Almost a year ago Mark Mandel and I started the Google Cloud Platform Podcast, a weekly podcast that covers topics related to Google Cloud Platform, among other things. It’s been a pretty successful podcast, but that’s not what I want to write about today.
After a while we started receiving emails from listeners that wanted to access our podcast on YouTube. Even though this might seem strange for those that love podcasts and have their favorite app on their phones, we decided that the customer is always right: we should post every episode to YouTube.
Ok, so … how? Well, to create a video I need to merge the mp3 audio from an episode with a static image. Let’s include the title of the episode and the Google Cloud Platform Podcast logo.
But once we post the video to YouTube we’re going to need more than that! We need a description, some tags, and probably a link to the episode (SEO FTW!).
Where can we get that information from? Let’s think about this for a minute. Where are others getting this information from? The RSS feed! Would it be possible to create a tool to which I could say “post the video for episode 46″ and a couple minutes later the video appeared on YouTube? That’d be awesome! Let’s do that!
The application I wrote parses an RSS feed and given the episodes to publish it downloads the metadata and audio for an episode, generates the corresponding videos, and pushes them to YouTube.
|Diagram of the flow of data in podcast-to-youtube|
The hardest parts here are the creation of the image and the video. The rest is sending HTTP requests right and left.
Image Maker: rendering images in pure Go
After trying a couple of different tools I decided that the easiest was to create the image from scratch in Go using the image package from the standard library and a freetype library available on GitHub.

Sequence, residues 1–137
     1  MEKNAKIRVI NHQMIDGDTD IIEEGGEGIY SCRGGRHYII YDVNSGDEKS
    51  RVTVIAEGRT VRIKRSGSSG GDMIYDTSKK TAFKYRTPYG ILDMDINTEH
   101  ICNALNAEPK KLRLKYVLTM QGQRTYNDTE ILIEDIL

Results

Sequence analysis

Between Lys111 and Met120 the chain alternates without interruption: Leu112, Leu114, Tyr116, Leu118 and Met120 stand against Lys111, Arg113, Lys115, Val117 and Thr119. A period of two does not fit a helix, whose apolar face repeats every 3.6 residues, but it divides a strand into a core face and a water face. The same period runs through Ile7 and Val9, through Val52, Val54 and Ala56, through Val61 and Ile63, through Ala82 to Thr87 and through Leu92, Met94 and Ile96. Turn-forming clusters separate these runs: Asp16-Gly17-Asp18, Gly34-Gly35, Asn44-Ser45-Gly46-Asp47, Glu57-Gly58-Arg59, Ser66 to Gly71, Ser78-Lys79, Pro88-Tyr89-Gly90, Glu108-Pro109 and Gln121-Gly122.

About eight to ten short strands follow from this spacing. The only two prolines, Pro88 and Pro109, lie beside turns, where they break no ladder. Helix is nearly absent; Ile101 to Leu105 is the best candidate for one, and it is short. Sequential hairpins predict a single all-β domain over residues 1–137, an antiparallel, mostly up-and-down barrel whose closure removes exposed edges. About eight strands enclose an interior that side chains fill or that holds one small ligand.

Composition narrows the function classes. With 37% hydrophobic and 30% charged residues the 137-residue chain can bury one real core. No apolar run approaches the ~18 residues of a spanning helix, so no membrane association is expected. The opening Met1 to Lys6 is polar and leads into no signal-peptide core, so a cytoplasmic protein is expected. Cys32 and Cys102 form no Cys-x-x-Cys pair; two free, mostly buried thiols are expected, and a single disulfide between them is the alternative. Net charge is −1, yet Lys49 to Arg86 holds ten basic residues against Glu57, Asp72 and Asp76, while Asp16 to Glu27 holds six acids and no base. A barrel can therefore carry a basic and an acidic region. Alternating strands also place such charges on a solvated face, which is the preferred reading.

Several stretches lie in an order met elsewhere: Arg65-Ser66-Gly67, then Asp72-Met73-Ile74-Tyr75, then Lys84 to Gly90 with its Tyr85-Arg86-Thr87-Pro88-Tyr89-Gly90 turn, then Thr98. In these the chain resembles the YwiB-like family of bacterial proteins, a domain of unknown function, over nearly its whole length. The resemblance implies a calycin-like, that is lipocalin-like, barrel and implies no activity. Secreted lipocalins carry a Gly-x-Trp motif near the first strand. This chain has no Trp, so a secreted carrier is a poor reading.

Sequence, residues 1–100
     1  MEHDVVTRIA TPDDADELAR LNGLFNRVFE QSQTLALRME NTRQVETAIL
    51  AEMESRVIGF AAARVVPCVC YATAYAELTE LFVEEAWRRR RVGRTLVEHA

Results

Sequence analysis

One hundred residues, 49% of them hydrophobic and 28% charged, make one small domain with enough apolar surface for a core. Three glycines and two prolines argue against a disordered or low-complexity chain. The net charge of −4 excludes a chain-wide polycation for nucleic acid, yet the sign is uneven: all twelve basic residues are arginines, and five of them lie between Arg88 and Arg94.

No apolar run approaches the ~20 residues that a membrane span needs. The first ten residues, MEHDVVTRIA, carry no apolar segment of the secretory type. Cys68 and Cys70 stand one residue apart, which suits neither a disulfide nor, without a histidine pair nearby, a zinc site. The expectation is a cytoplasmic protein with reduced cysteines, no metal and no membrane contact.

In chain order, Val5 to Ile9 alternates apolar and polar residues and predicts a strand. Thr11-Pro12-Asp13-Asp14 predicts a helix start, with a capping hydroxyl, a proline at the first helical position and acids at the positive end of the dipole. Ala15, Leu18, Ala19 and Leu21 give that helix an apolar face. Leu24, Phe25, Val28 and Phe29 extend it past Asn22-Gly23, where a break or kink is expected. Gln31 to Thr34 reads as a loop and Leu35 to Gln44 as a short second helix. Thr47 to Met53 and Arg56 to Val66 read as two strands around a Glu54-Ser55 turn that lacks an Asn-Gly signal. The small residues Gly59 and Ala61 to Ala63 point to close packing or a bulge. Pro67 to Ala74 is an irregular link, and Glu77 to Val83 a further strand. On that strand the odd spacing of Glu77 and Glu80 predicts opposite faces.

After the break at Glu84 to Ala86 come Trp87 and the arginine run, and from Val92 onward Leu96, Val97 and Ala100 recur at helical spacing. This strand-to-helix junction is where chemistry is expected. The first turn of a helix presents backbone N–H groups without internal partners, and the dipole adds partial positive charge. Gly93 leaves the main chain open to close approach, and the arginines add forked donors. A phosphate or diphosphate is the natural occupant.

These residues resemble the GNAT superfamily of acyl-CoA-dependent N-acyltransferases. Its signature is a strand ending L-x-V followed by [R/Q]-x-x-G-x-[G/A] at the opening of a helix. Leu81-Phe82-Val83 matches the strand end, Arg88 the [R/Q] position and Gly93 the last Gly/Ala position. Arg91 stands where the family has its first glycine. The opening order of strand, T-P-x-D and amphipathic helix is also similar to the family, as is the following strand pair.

Probably the most fun part was to be able to choose a font that would make the title fit the image correctly regardless of the length in characters. I ended up creating a loop that:
- chooses a font and measures the width of the resulting text
- if it’s too wide, decreases the font size by one and repeats.
Surprisingly, for me, this is actually a pretty common practice!
It is also worth mentioning the way I test the package: Using a standard image that I compare to the one generated by the package, then showing a “diff” image where all the pixels that differ are highlighted in red.
|Diff image generated when using a wrong DPI.|
The code for this package is available here.
Video maker: ffmpeg is awesome
From the beginning I knew I would end up using ffmpeg to create my video. Why? Well, because it is as simple as running this command:
$ ffmpeg -i image.png -i audio.mp3 video.mp4
Easy right? Well, this is once ffmpeg has been installed and correctly configured, which is actually not that simple and would make this tool hard to install on any machine.
That’s why the whole tool runs on Docker. Docker is a pretty widespread technology, and thanks to Makefile I’m able to provide a tool that can be run like this:
$ make run
It took me a couple of days to write the tool and get it to a point where I could open source it, but it was totally worth it. I know that others will be able to easily reuse it, or even extend it. Who knows, maybe this should be exposed as a web application so anyone can use it, no Docker or Makefile needed!
Any questions? I’m @francesc on Twitter.
By Francesc Campoy, Developer Advocate